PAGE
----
For many users, WiFi and Internet are one and the same. While this is certainly understandable to some extent, it isn’t 100 percent correct, either. In the final part of our “Smart Home Standards” series, we’re taking a closer look at what is probably the most commonly known protocol standard today.
A WiFi network is not the same thing as an Internet connection, like the one you get from a well-known provider. WiFi, also called WLAN for “Wireless Local Area Network”, refers to a local wireless communication network based on the standard IEEE 802.11. This network can be used to connect a wide variety of devices with one another.
And where does the Internet come from? The household in question gets a broadband Internet connection from a local provider. Then, to connect smartphones, gaming consoles, and similar devices to the Internet, they use a router, which is connected to the Internet connection (via cable or sometimes wirelessly). The router is what makes the WiFi network available for the different devices to connect to. So in that sense, the router can be seen as “managing” the various devices.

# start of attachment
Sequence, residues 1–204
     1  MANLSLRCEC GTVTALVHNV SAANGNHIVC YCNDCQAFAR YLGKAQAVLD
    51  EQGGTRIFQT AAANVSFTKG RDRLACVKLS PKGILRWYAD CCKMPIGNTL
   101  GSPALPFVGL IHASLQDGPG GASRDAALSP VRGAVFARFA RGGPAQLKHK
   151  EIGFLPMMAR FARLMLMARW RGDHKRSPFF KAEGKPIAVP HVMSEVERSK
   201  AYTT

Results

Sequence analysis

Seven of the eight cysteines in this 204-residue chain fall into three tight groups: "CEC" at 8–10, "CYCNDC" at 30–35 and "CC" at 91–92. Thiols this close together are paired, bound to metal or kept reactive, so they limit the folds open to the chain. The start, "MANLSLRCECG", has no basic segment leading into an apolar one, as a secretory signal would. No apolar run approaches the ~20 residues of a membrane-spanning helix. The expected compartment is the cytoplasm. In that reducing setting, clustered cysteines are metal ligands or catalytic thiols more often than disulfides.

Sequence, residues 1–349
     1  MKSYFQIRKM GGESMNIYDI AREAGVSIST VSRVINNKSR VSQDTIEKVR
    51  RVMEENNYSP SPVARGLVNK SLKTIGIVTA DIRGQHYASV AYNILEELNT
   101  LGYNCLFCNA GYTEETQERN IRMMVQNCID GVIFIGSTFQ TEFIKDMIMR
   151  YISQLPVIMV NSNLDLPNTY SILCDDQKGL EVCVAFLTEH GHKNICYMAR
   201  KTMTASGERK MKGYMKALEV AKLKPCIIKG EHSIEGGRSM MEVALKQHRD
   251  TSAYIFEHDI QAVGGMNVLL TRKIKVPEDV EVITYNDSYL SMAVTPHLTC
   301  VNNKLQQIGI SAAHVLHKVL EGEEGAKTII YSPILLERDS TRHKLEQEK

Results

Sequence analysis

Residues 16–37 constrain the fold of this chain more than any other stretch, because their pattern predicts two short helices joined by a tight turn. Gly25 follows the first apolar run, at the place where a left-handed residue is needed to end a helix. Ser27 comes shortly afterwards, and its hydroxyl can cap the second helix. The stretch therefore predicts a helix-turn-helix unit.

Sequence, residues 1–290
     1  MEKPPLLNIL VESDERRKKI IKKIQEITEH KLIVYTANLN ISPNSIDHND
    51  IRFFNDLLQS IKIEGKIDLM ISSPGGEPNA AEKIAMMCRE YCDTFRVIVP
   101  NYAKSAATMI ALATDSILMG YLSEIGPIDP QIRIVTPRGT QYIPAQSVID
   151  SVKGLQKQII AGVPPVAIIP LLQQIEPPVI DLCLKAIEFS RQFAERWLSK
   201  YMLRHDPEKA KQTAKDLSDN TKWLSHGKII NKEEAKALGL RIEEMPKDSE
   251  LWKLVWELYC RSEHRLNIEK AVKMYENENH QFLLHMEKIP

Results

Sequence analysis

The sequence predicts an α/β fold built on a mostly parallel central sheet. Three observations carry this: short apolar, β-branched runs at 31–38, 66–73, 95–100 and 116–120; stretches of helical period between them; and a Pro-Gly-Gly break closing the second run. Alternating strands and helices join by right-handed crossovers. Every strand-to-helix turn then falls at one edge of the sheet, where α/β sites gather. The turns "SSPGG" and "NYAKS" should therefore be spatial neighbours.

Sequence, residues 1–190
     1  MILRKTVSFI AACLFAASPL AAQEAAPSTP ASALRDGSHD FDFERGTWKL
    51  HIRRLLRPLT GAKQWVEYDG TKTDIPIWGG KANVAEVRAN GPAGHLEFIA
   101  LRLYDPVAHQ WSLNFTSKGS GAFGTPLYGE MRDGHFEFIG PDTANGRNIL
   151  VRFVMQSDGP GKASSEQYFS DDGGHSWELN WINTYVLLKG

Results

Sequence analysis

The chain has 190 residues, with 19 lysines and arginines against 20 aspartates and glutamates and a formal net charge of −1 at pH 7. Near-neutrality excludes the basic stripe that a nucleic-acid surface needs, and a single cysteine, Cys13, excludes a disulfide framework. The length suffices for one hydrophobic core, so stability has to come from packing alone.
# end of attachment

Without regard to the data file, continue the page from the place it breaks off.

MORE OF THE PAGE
Probably the biggest advantage offered by WiFi is that virtually all technological devices today have an interface that allows them to connect to this wireless network. And expanding the network is just as easy as connecting to it. To increase the range of the network, all you need to do is incorporate a wireless access point.
It’s also an excellent standard to use in temporary networks, for example at trade fairs and similar events. Routers can be conveniently placed wherever you need them. In terms of range, this wireless standard extends up to about 30 metres. Nevertheless, this range may be limited by obstacles, such as walls and the like.
These kinds of wireless networks can sometimes be prone to interference due to the network interface they use. This is because other technologies (such as wireless speakers or car remotes) might be using this wireless interface as well.
Also, when a large number of devices and/or users are connected to the network, this can decrease the transmission rate. Security risks aren’t much of a concern, except for open networks, i.e. networks run without any authentication or encryption. Fortunately this is not the default case for most routers and access points.
Most devices connect to WiFi in more or less the same way, whether that device is a smartphone, tablet, gaming console, computer – or the Nuki Bridge.
First, WiFi is enabled on the device itself, after which the user selects the SSID (name of the network) he or she wishes to connect to. The user is then asked to enter the security key, which is usually printed on a sticker on the bottom of the router. This security key is valid until someone changes it manually. If the key entered by the user is accepted, the connection is successful.
We understand that door locks can sometimes be confusing, and not everybody is an expert.
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